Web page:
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'Buzzed Driving Is Drunk Driving' Campaign Unveils New Television PSAs for the HolidaysTVB Teams Up With Ad Council and NHTSA for the Eighth Year to Encourage Drivers Not to Drive Buzzed (December 19, 2011)
NEW YORK, NY -- (Marketwire) -- 12/19/11 -- Most people know about the dangers and consequences of drunk driving but few know that "buzzed" driving can get you busted, too.
For the eighth consecutive year, TVB (www.tvb.org), the not-for-profit trade association of America's commercial broadcast television industry, has joined forces with the Ad Council and the National Highway Traffic Safety Administration (NHTSA) to launch Project Roadblock, a public service advertising (PSA) initiative launching December 26, to remind holiday revelers about the dangers and consequences of not planning ahead and designating a sober driver before you go out.
Continuing the theme "Buzzed Driving is Drunk Driving," the campaign will debut two television PSAs created pro bono by Merkley + Partners, targeting men, aged 21 to 34. The PSAs illustrate that a single careless moment can not only be life-altering but expensive. The financial consequences of being stopped for driving buzzed can be around $10,000, including costs for posting bail, towing, fines, attorney fees and higher insurance premiums.
"Drunk driving is a preventable crime that can have tragic consequences for victims and offenders," said David L. Strickland, Administrator of the NHTSA. "We want to make sure everyone understands that buzzed driving is drunk driving -- never get behind the wheel if you've had too much to drink."
During the holiday week of December 26 through New Year's Eve, one of the deadliest auto-fatality weeks of the year according to the NHTSA, local broadcast TV stations nationwide are encouraged to air the "Buzzed Driving is Drunk Driving" PSAs with a concentrated rotation of the on-air spots and online banner. Additionally, TV stations will also support the critical campaign message via text message, Facebook posts and tweets to their viewers.
"Awareness about this issue has increased every year since the first Project Roadblock in 2004, and it has had the desired effect with increased mindfulness on the roadways during the holiday season," said TVB President and CEO Steve Lanzano. "Last year over 1,000 primary and digital sub channels participated in this initiative -- demonstrating the power of the medium and its effect on social change."
The Ad Council has conducted surveys following the campaign every year since January 2006 of adults over the age of 21, and results continue to show more of them refraining from drinking and driving. The most recent results in January 2011 demonstrated:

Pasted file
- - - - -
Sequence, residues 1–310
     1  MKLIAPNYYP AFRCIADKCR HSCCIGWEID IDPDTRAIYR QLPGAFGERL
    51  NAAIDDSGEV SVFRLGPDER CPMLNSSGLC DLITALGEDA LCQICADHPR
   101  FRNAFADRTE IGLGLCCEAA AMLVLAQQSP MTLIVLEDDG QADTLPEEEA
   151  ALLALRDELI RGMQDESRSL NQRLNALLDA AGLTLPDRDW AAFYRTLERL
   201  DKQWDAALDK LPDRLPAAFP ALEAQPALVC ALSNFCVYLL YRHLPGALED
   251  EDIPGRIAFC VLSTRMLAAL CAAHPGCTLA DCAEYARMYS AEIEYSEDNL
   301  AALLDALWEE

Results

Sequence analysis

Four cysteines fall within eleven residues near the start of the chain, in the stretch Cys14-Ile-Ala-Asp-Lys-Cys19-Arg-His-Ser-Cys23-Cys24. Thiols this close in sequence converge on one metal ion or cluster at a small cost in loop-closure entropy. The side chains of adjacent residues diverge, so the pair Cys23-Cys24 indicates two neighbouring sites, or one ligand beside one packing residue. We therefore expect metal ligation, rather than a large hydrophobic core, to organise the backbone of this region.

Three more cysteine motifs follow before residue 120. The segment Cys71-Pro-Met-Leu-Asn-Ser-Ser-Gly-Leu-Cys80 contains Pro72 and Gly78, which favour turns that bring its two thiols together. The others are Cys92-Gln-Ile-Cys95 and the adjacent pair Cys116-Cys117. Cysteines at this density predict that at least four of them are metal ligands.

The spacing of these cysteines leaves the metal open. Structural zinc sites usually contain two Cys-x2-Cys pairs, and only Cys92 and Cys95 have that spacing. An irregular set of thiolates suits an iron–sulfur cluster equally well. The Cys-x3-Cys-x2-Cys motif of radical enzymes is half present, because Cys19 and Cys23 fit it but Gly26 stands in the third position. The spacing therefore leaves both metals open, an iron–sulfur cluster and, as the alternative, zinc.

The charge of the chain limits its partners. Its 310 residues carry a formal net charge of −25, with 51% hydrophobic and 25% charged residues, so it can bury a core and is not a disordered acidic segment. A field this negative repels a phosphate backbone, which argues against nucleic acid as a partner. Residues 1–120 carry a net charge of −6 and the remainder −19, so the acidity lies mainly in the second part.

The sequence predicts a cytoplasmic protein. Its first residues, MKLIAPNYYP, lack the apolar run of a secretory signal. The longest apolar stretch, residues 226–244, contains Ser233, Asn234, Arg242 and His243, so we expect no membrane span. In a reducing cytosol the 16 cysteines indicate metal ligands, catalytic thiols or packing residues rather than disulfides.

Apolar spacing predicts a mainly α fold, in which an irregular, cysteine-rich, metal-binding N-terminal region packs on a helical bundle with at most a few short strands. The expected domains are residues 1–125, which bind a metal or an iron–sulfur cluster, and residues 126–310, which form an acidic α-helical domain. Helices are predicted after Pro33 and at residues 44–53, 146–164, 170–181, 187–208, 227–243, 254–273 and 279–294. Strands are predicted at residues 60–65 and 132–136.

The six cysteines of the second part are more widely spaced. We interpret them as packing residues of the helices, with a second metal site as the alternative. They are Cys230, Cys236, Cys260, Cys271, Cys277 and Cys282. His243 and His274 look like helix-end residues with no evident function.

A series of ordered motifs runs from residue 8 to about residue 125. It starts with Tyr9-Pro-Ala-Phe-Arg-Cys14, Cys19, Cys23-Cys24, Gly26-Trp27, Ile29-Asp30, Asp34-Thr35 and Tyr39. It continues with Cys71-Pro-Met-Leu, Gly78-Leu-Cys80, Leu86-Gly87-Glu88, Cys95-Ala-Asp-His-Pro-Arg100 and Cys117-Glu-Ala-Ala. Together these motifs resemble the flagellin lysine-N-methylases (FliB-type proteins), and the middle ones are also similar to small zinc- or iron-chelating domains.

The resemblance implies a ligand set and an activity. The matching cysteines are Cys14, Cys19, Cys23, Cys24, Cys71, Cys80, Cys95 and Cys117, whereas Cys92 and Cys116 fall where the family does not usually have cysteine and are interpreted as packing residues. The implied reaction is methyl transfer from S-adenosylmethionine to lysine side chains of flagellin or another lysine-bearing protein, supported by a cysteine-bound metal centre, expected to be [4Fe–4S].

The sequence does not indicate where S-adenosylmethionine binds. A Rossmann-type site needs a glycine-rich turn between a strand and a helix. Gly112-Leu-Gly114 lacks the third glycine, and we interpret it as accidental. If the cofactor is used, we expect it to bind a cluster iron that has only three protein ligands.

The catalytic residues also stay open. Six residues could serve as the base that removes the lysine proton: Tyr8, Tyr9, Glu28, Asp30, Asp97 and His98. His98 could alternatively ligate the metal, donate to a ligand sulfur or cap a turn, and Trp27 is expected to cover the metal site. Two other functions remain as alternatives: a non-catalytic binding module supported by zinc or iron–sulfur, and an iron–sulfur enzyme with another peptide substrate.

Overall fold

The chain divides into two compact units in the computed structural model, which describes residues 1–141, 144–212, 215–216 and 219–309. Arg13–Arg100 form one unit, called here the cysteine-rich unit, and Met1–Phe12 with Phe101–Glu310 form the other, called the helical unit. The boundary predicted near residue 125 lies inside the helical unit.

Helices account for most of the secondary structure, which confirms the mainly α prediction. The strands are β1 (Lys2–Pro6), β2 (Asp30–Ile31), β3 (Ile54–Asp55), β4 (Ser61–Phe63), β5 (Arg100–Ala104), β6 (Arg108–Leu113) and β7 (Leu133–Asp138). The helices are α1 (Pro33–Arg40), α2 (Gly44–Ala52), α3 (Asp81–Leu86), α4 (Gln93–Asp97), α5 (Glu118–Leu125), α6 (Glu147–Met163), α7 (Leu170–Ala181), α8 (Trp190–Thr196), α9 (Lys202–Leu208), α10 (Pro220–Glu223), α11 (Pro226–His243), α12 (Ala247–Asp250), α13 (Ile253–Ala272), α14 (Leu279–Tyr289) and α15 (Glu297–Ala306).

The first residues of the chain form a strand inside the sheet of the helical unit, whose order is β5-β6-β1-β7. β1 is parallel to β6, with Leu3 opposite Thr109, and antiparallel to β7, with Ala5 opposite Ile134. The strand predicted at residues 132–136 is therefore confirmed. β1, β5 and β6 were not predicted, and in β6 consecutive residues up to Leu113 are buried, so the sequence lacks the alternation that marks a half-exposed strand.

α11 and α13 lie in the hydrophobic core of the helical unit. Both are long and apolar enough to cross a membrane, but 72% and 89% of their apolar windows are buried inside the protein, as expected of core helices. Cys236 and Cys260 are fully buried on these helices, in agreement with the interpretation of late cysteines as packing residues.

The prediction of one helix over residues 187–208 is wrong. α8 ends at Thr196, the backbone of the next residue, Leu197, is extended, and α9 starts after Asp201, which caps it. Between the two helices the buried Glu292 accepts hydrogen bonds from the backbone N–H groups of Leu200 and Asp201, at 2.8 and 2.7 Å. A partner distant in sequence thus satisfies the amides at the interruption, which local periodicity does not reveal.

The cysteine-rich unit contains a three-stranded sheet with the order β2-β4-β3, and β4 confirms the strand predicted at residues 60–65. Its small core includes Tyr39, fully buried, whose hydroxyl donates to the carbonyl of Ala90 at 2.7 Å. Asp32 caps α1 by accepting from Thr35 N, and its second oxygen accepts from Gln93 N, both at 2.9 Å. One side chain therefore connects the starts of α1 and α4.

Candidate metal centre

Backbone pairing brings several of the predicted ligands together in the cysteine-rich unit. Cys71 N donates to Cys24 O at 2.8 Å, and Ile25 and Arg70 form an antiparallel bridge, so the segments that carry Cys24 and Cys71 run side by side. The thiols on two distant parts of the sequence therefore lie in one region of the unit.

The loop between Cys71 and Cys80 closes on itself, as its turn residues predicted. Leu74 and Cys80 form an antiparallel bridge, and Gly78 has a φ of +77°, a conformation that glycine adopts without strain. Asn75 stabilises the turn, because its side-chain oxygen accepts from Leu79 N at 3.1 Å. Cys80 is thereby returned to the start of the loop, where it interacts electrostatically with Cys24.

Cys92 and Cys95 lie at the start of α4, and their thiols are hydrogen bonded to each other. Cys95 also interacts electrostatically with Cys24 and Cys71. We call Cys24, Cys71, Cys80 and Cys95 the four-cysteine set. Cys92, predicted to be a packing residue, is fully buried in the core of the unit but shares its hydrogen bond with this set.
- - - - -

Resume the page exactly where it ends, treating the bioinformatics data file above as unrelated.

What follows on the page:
- Increased awareness of the campaign. Nearly one-half of adults ages 21+ (49%) and 56 percent of men ages 21-35 are familiar with the campaign.
- Increased commitment to avoiding buzzed driving. About half of adults ages 21+ (47%) said they would 'always' get a ride from a friend, take a taxi or public transportation rather than drive buzzed, significantly higher than 2006 (41%). There has been similar growth on this measure among men ages 21-35, from 39 percent in 2006 to 47 percent in 2011.
- Changed behaviors following the holiday season. The percentage of adults 21+ reporting that they had refrained from driving after drinking in the past month rose from 9 percent in January 2006 to 13 percent in January 2011. The growth was also significant among men 21-35, from 17 percent to 25 percent.
Most important is the decrease in auto fatalities. In 2005, about 13,500 people died in car crashes involving a driver or motorcycle rider with a blood-alcohol level of .08+. That number has declined steadily every year, decreasing to 10,228 in 2010. The Buzzed Driving campaign, in concert with stepped up law enforcement initiatives and other messaging programs, has contributed to this welcome trend.
"Our research has shown that we need to reduce the target's confidence level about driving after drinking, so that we can help decrease the number of fatalities and injuries linked to impaired driving," said Peggy Conlon, president and CEO of the Ad Council. "We are grateful to local television nationwide for coming together to donate their valuable inventory to support this critical safety message during this time of year."
TVB is the not-for-profit trade association of America's commercial broadcast television industry. Its members include television broadcast groups, advertising sales reps, syndicators, international broadcasters, associate members and over 500 individual television stations. TVB actively promotes local media marketing solutions to the advertising community, and in so doing works to develop advertising dollars for the medium's multiple platforms, including on-air, website and mobile. TVB provides a diverse variety of tools and resources to support its members and to help advertisers make the best use of local ad dollars.
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